The town of Kasilof (pronounced kuh-SEE-loff) has a lot of the great activities that other Kenai Peninsula towns do — fishing, camping and wildlife viewing. But this tiny town 15 miles south of Soldotna, on the Sterling Highway, is also a vibrant dog sledding community — while here you can visit the kennel of Dean Osmar, an Iditarod champion, and take a ride behind champion dogs. The best fishing is at the Kasilof River and Johnson Lake — both… ...more
In an area that’s famous for fishing, here is one spot where you don’t need a tackle box to blend in. As the name implies, this is a clamming town— with thousands of razor clams harvested annually from the sandy beaches. Best of all, there is a pretty short learning curve for clamming: all you need is a little gear, a few safety pointers and a license, all of which you can get at one of the general stores in town, or through most B&Bs if… ...more
Come to this fishing town and you’ll probably leave with, among other things, a cool picture of the Russian Orthodox Church. Built in 1900, the church is a reflection of the Russian fur-trading village this town used to be — and there is still a Russian community here, though Ninilchik doesn’t strive to be a themed tourist town. Indeed, the quaint Russian sights are not the only great photo ops here. Across the Cook Inlet you can see four… ...more
This tiny town along the Sterling Highway may be known as “North America’s Most Westerly Highway Point,” but it has another, lesser publicized claim to fame: this is where locals love to come fish. In the spring, it’s king salmon, followed by Dolly Varden and silver salmon in the summer; in the fall, you can catch steelhead until freeze-up. Non-anglers here will enjoy beachcombing, browsing the art studios and gift shops, watching a… ...more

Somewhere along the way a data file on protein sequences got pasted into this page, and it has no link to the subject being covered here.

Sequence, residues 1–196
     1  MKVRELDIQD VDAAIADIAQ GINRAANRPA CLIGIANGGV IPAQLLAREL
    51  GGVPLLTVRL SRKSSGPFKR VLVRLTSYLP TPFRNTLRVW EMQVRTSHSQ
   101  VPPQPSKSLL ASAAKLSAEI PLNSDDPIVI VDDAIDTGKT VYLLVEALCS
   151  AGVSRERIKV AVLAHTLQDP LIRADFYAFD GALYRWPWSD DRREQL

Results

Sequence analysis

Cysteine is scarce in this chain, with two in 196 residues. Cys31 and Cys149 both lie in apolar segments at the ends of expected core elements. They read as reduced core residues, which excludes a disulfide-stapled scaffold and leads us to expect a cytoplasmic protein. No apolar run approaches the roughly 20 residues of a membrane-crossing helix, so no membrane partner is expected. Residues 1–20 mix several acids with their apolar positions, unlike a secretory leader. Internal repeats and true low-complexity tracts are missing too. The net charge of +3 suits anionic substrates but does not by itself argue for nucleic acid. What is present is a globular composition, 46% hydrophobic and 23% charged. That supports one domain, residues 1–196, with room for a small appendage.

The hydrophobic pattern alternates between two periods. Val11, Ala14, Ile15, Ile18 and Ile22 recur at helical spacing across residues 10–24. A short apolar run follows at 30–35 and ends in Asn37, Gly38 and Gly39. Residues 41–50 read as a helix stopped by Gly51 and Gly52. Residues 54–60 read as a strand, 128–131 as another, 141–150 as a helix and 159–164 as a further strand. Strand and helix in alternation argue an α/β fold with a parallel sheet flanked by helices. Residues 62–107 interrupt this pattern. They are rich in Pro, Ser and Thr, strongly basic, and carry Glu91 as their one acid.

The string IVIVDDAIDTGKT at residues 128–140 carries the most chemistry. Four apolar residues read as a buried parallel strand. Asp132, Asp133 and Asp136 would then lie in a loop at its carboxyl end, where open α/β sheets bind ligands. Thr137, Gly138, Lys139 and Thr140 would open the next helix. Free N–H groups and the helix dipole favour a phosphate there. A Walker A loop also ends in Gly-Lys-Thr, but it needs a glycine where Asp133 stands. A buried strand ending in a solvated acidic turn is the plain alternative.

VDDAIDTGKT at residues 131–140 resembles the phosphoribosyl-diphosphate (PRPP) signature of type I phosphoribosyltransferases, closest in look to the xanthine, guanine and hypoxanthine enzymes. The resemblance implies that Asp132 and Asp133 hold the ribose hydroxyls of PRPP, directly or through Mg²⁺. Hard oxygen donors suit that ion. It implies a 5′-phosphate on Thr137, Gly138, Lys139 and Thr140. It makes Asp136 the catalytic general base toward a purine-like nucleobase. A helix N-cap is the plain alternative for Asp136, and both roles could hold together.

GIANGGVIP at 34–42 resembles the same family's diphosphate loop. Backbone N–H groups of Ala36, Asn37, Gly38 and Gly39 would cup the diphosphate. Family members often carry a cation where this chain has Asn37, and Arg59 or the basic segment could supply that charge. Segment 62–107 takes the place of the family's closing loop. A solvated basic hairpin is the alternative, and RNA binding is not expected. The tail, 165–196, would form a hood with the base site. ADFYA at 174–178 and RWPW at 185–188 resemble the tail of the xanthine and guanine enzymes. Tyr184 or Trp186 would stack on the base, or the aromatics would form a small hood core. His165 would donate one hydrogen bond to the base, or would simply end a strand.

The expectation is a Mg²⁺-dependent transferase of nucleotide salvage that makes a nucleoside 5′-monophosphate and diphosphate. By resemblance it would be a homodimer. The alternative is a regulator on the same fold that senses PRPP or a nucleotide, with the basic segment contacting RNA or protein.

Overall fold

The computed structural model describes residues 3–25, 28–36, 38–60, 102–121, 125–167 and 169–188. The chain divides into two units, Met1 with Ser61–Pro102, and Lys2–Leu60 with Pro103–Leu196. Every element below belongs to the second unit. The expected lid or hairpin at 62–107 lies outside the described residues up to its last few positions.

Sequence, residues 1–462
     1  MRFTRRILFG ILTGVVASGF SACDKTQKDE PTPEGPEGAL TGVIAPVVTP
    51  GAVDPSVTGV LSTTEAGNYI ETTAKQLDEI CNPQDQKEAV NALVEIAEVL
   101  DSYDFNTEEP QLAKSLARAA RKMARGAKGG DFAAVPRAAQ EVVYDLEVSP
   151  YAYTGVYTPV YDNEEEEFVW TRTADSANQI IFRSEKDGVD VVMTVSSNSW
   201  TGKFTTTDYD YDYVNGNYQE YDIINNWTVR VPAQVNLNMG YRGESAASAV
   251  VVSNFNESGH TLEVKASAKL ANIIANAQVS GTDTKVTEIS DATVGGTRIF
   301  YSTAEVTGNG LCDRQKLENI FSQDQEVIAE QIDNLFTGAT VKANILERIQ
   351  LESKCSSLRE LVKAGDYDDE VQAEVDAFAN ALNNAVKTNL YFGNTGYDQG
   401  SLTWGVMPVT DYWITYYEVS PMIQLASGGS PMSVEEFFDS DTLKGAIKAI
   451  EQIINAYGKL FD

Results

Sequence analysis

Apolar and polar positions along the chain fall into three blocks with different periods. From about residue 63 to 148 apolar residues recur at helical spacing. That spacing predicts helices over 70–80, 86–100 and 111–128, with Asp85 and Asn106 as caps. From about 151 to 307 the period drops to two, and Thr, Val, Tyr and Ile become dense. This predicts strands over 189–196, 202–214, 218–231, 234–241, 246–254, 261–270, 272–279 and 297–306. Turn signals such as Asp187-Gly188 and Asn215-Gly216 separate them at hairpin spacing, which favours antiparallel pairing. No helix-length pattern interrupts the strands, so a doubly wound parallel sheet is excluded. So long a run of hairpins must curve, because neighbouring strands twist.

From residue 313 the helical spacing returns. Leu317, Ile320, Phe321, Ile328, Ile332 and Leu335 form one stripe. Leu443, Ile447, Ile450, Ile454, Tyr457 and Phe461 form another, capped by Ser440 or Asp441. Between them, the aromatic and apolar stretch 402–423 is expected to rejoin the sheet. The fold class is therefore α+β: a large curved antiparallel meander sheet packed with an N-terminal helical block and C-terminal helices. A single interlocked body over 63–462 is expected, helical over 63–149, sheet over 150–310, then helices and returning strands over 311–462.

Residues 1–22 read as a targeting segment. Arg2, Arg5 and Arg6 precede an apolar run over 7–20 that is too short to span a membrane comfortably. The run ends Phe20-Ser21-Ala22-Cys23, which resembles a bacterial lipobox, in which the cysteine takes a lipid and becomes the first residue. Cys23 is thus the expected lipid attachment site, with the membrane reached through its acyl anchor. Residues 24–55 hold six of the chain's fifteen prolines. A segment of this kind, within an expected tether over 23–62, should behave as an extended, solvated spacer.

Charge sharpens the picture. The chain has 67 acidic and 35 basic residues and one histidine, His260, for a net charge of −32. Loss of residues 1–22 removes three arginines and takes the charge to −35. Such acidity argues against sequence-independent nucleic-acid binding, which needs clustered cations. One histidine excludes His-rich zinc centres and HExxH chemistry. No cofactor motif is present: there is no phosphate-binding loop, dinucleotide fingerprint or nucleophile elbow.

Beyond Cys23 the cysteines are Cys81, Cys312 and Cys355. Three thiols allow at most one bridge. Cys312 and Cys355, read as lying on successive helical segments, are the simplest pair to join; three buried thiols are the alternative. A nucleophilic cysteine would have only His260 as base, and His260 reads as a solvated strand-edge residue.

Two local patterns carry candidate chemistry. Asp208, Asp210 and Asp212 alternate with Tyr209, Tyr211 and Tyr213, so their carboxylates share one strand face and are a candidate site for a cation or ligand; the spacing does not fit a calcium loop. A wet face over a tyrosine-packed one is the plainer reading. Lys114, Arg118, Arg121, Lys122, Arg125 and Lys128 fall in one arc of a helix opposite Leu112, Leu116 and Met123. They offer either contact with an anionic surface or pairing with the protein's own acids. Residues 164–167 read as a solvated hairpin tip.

Sure, Homer’s the “Halibut Fishing Capital of Alaska,” but even non-anglers will revel in this end-of-the-road Alaska town. An eclectic mix of artists, fishermen, and outdoor lovers make up the lifeblood of Homer, drawn by its slow pace and postcard-ready setting by the clear-water bay. The heart of town is the Homer Spit, a long, narrow finger of land jutting into the bay. People from the Lower 48 come here because they’ve heard it’s… ...more
Once upon a time, this little town across Kachemak Bay was bigger than Homer, with a fish canneries, businesses and an extensive boardwalk. It was even known as the Boardwalk Town until the 1964 earthquake wiped out the boardwalk and nearly wiped out the town. Even so, Seldovia is still the biggest of the small communities “across the bay” from Homer. That said, laid-back Seldovia has a decidedly tiny-town feel: There are no traffic signs, no… ...more
When people visit Homer, they may like to spend a day or two going “across the bay”— taking a boat or air taxi across Kachemak Bay to explore the quaint villages that straddle the line between towns and wilderness. Here you’ll find 375,000 acres of forest, fjords, mountains and ocean. You can hike along 40 miles of trails, fish for salmon or rainbow trout, or just keep your eyes peeled for wildlife: moose, black bears, mountain goats, coyotes… ...more